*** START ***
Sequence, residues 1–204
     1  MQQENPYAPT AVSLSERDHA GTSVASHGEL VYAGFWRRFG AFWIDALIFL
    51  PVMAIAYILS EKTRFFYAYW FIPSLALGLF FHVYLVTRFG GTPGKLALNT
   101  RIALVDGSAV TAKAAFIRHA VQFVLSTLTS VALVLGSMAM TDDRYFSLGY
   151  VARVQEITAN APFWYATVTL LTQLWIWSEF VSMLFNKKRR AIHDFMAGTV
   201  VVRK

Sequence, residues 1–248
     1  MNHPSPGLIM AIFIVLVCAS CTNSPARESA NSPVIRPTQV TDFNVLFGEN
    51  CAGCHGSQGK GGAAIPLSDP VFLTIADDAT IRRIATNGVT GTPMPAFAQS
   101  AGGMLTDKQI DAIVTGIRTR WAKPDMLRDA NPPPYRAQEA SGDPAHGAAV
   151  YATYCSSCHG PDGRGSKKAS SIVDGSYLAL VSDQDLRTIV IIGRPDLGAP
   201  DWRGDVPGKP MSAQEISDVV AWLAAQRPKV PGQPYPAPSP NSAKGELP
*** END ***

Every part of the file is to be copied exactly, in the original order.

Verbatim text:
Sequence, residues 1–204
     1  MQQENPYAPT AVSLSERDHA GTSVASHGEL VYAGFWRRFG AFWIDALIFL
    51  PVMAIAYILS EKTRFFYAYW FIPSLALGLF FHVYLVTRFG GTPGKLALNT
   101  RIALVDGSAV TAKAAFIRHA VQFVLSTLTS VALVLGSMAM TDDRYFSLGY
   151  VARVQEITAN APFWYATVTL LTQLWIWSEF VSMLFNKKRR AIHDFMAGTV
   201  VVRK

Sequence, residues 1–248
     1  MNHPSPGLIM AIFIVLVCAS CTNSPARESA NSPVIRPTQV TDFNVLFGEN
    51  CAGCHGSQGK GGAAIPLSDP VFLTIADDAT IRRIATNGVT GTPMPAFAQS
   101  AGGMLTDKQI DAIVTGIRTR WAKPDMLRDA NPPPYRAQEA SGDPAHGAAV
   151  YATYCSSCHG PDGRGSKKAS SIVDGSYLAL VSDQDLRTIV IIGRPDLGAP
   201  DWRGDVPGKP MSAQEISDVV AWLAAQRPKV PGQPYPAPSP NSAKGELP